(Figure: Uniformly ordered single-crystalline graphene quantum dots of various sizes synthesized through solution chemistry.) A KAIST team has designed a novel strategy for synthesizing single-crystalline graphene quantum dots, which emit stable blue light. The research team confirmed that a display made of their synthesized graphene quantum dots successfully emitted blue light with stable electric pressure, reportedly resolving the long-standing challenges of blue light emission in manufactured displays. The study, led by Professor O Ok Park in the Department of Chemical and Biological Engineering, was featured online in Nano Letters on July 5. Graphene has gained increased attention as a next-generation material for its heat and electrical conductivity as well as its transparency. However, single and multi-layered graphene have characteristics of a conductor so that it is difficult to apply into semiconductor. Only when downsized to the nanoscale, semiconductor’s distinct feature of bandgap will be exhibited to emit the light in the graphene. This illuminating featuring of dot is referred to as a graphene quantum dot. Conventionally, single-crystalline graphene has been fabricated by chemical vapor deposition (CVD) on copper or nickel thin films, or by peeling graphite physically and chemically. However, graphene made via chemical vapor deposition is mainly used for large-surface transparent electrodes. Meanwhile, graphene made by chemical and physical peeling carries uneven size defects. The research team explained that their graphene quantum dots exhibited a very stable single-phase reaction when they mixed amine and acetic acid with an aqueous solution of glucose. Then, they synthesized single-crystalline graphene quantum dots from the self-assembly of the reaction intermediate. In the course of fabrication, the team developed a new separation method at a low-temperature precipitation, which led to successfully creating a homogeneous nucleation of graphene quantum dots via a single-phase reaction. Professor Park and his colleagues have developed solution phase synthesis technology that allows for the creation of the desired crystal size for single nanocrystals down to 100 nano meters. It is reportedly the first synthesis of the homogeneous nucleation of graphene through a single-phase reaction. Professor Park said, "This solution method will significantly contribute to the grafting of graphene in various fields. The application of this new graphene will expand the scope of its applications such as for flexible displays and varistors.” This research was a joint project with a team from Korea University under Professor Sang Hyuk Im from the Department of Chemical and Biological Engineering, and was supported by the National Research Foundation of Korea, the Nano-Material Technology Development Program from the Electronics and Telecommunications Research Institute (ETRI), KAIST EEWS, and the BK21+ project from the Korean government.
Extremely Thin and Highly Flexible Graphene-Based Thermoacoustic Speakers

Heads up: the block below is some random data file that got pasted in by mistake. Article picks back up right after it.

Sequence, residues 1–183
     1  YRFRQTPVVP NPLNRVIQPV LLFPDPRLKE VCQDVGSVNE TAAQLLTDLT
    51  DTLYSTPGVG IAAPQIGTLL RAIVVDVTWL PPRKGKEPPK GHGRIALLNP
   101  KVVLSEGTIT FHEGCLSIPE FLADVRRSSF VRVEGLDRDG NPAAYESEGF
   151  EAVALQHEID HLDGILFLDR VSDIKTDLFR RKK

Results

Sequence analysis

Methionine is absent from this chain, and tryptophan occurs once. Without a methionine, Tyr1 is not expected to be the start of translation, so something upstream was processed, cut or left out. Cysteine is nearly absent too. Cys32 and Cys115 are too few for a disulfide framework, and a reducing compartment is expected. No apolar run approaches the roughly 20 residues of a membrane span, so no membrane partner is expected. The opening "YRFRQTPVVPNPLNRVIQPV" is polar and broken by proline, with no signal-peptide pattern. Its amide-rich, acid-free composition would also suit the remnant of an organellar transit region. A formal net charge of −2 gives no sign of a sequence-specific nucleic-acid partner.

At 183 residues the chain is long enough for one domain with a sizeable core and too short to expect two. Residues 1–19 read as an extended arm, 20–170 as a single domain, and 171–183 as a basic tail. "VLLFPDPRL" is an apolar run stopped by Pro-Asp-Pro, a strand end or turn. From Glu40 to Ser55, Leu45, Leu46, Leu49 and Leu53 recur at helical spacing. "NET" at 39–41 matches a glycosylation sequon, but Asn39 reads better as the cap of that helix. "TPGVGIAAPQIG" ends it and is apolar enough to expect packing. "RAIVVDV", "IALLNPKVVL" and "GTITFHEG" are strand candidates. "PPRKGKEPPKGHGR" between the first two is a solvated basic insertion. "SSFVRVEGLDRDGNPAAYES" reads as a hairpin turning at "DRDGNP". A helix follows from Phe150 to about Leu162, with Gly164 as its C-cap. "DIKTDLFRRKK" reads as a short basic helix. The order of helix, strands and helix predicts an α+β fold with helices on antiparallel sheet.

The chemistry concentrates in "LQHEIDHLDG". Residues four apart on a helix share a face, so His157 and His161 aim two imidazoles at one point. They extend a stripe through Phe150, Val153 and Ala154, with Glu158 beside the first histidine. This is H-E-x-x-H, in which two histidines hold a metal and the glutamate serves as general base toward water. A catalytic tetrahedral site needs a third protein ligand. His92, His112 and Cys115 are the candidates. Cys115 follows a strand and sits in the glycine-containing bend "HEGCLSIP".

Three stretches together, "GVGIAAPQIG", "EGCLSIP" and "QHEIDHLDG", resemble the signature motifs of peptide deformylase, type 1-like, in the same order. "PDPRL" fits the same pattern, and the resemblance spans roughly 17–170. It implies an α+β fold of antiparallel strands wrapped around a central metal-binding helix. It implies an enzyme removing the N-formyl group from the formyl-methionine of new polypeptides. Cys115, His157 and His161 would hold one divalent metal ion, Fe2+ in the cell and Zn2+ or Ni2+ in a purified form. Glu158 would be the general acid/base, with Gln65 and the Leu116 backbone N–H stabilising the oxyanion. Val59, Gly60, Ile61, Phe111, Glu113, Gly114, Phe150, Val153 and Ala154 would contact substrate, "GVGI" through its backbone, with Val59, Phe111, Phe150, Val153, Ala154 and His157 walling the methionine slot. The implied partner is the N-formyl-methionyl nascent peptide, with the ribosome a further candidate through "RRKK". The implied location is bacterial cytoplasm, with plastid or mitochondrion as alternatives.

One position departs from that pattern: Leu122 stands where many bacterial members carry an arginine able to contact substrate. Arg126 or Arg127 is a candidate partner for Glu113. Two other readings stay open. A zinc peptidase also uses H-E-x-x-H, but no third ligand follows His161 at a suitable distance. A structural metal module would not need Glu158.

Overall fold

A joint research team led by Professors Jung-Woo Choi and Byung Jin Cho of the School of Electrical Engineering and Professor Sang Ouk Kim of the Material Science and Engineering Department, all on the faculty of the Korea Advanced Institute of Science and Technology (KAIST), has developed a simpler way to mass-produce ultra-thin graphene thermosacoustic speakers. Their research results were published online on August 17, 2016 in a journal called Applied Materials & Interfaces. The IEEE Spectrum, a monthly magazine published by the Institute of Electrical and Electronics Engineers, reported on the research on September 9, 2016, in an article titled, “Graphene Enables Flat Speakers for Mobile Audio Systems.” The American Chemical Society also drew attention to the team’s work in its article dated September 7, 2016, “Bringing Graphene Speakers to the Mobile Market.” Thermoacoustic speakers generate sound waves from temperature fluctuations by rapidly heating and cooling conducting materials. Unlike conventional voice-coil speakers, thermoacoustic speakers do not rely on vibrations to produce sound, and thus do not need bulky acoustic boxes to keep complicated mechanical parts for sound production. They also generate good quality sound in all directions, enabling them to be placed on any surface including curved ones without canceling out sounds generated from opposite sides. Based on a two-step, template-free fabrication method that involved freeze-drying a solution of graphene oxide flakes and the reduction/doping of oxidized graphene to improve electrical properties, the research team produced a N-doped, three-dimensional (3D), reduced graphene oxide aerogel (N-rGOA) with a porous macroscopic structure that permitted easy modulation for many potential applications. Using 3D graphene aerogels, the team succeeded in fabricating an array of loudspeakers that were able to withstand over 40 W input power and that showed excellent sound pressure level (SPL), comparable to those of previously reported 2D and 3D graphene loudspeakers. Choong Sun Kim, the lead author of the research paper and a doctoral student in the School of Electrical Engineering at KAIST, said: “Thermoacoustic speakers have a higher efficiency when conducting materials have a smaller heat capacity. Nanomaterials such as graphene are an ideal candidate for conductors, but they require a substrate to support their extremely thinness. The substrate’s tendency to lose heat lowers the speakers’ efficiency. Here, we developed 3D graphene aerogels without a substrate by using a simple two-step process. With graphene aerogels, we have fabricated an array of loudspeakers that demonstrated stable performance. This is a practical technology that will enable mass-production of thermosacoustic speakers including on mobile platforms.” The research paper is entitled “Application of N-Doped Three-Dimensional Reduced Graphene Oxide Aerogel to Thin Film Loudspeaker.” (DOI: 10.1021/acsami.6b03618) Figure 1: A Thermoacoustic Loudspeaker Consisted of an Array of 16 3D Graphene Aerogels Figure 2: Two-step Fabrication Process of 3D Reduced Graphene Oxide Aerogel Using Freeze-Drying and Reduction/Doping Figure 3: X-ray Photoelectron Spectroscopy Graph of the 3D Reduced Graphene Oxide Aerogel and Its Scanning Electron Microscope Image